So the basic function of the negative modifier system is to ensure that heavy attacks are actually useful and feel like something happened when you use them, and also to make sure strong armour saves aren't complete bullshit. Because let's be fair, a mounted heavy-armoured shielded Knight ain't surviving shit when he's taking a cannonball to the gut. As the Strength of the attack increases, the armour save negative modifier also increases, so at S4 you reduce 1 from the save and at S10 you remove 7. This means that 1+ saves are actually legal in Fantasy, since reducing the defense they afford means they are breakable, and the "always fails on 1" rule still applies. There are also attacks that have extra armour piercing rules, like Skaven Warpfire Throwers that reduce the armour save by 2 as well as being S5, giving a healthy -4 to the save overall.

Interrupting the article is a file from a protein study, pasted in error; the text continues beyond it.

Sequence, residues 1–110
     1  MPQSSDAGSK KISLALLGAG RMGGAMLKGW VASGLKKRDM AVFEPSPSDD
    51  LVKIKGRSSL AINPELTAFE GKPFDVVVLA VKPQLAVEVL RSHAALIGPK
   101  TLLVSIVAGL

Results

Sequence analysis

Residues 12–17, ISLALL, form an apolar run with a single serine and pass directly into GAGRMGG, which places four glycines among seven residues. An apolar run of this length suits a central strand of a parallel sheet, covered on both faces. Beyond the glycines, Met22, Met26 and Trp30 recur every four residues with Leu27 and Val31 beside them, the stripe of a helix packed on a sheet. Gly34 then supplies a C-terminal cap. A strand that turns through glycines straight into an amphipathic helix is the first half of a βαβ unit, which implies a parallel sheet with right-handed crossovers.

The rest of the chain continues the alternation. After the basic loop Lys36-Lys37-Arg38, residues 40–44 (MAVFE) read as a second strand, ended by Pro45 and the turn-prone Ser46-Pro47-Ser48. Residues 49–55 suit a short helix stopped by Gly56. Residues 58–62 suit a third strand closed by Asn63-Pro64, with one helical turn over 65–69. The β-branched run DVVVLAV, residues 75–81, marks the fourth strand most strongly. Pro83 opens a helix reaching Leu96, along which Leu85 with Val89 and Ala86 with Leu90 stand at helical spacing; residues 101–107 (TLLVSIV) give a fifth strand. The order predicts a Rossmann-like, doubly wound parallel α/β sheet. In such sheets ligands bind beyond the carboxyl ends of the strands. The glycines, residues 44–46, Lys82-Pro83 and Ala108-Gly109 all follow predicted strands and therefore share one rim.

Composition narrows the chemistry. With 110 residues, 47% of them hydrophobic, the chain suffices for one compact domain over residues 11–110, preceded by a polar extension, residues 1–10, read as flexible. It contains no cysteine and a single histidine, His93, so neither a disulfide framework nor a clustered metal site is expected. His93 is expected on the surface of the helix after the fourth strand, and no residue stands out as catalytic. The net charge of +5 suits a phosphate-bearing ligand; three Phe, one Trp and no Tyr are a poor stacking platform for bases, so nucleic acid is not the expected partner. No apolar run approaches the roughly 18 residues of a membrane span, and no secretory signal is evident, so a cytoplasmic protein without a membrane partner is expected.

This system is often infuriating, but also helps make the game feel more authentic, and is genuinely fun at times.
The Armor Save at first worked much the same in 40k (Albeit with its own brand of lulz. 2+ save on 2d6 for Khornate Terminators, anyone?) 3rd edition introduced a much more streamlined system. You see, 40K has armor saves flying out the arse - pretty much everyone has some kind of armor (Unlike Fantasy where your troops generally are lucky to have any sort of armor at all). Horde armies like Orks and Tyranids tend to have very low armor saves though, while more elite armies like Space Marines tend to have much better armor.